The Senate General Education Curriculum and Policies Committee reviews proposals on a rolling basis during the fall and spring terms. Ordinarily, faculty should submit a proposal at least one full semester in advance of the term in which they wish to offer the course.
To submit a course proposal consult the relevant guidelines and forms online. The course proposal must include the following components:
- A copy of the standard Course Registration Form signed by the chair and dean.
- A New Course or Course Change Proposal Form for the requested area code(s). Instructors are required to clearly define instructional content and assessment measures for each SLO contained in the course.
- A course syllabus that includes course objectives, a list of the student learning outcomes for the course, a course description, and a topical outline.
- A list of textbooks to be used and a current course bibliography, all with full bibliographic citations.
Policies for General Education Courses
- General Education courses generally should be coded A, Liberal Arts (refer to NYSED policy for guidance). If the proposed course is not coded A, you should indicate the exceptional circumstances that warrant its certification for the GEP in your proposal.
- GEP courses may fulfill only one Knowledge Area (H, S, F, L, V, O, D, M, Q, R)
- A Knowledge Area course may also be certified for ONE of the following areas: Oral Communication (Y), Contemporary Issues (I), or Perspectives on Gender (W). Instructors seeking one of these certifications should complete the form for Y, I, or W and submit it alongside the area proposal form.
- Oral Communication (Y), Contemporary Issues (I), and Perspectives on Gender (W) can be offered as stand-alone courses or with one other code (e.g., HY, YI, SW, WI, etc.)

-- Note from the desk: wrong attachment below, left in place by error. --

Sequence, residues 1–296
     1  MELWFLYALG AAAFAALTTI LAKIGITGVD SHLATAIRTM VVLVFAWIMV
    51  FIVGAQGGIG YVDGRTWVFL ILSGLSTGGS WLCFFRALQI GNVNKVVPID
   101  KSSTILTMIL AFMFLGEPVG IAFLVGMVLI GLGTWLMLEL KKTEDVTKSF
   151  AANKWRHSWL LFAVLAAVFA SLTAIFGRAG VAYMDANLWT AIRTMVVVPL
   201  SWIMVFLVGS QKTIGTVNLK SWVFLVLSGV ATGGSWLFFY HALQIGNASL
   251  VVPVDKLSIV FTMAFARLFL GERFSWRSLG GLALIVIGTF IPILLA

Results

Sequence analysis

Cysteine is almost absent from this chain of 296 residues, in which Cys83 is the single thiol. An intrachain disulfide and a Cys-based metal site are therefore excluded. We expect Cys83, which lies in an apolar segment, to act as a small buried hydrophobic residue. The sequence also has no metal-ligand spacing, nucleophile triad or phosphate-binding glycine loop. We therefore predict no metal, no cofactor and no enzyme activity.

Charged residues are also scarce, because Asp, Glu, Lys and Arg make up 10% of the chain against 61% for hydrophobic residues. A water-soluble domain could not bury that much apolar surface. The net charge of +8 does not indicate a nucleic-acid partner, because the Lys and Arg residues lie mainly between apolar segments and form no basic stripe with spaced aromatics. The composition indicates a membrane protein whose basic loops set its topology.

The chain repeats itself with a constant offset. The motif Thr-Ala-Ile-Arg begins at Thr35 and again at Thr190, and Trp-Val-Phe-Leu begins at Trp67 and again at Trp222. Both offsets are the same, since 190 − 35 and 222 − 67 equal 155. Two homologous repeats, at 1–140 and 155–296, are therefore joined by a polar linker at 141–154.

Designing & Describing General Education Courses
GE courses should be accessible to the widest audience possible and geared toward non-specialists; prerequisites, if unavoidable, should be kept to the absolute minimum needed.
GE courses should ordinarily be taught every year to ensure that students who may need to repeat them are able to.
GE courses should be explicit in drawing connections between what students are learning in the classroom and how it applies to their personal growth and professional aspirations. Repeated emphasis on transferable skills and their relevance to coursework in the major and engagement in professional contexts will help students to understand the overall value of the GE program.
Course descriptions are an important tool to help students understand the value of the topics/problems they will study and why the course is relevant. Therefore, the Program suggests that GE course descriptions do the following:
- Speak directly to students using the second person;
- Engage students with thought-provoking questions or concepts;
- Share the guiding questions, context(s) and/or perspectives engaged in the course;
- Provide students with goals or takeaways, telling them what they will learn;
- Serve the goals of Gen Ed by explicitly connecting the course material to the world.
Instructors who need support for course design or assessment can reach out to the Director of General Education, Dr. Donna Wilkerson-Barker, at any time.
General Education Course Review & Recertification Process
The Senate General Education Curriculum and Policies Committee reviews all GE courses for recertification in three year cycles. A timeframe and schedule for the revised program will be determined and distributed at the start of the Fall 2023 semester.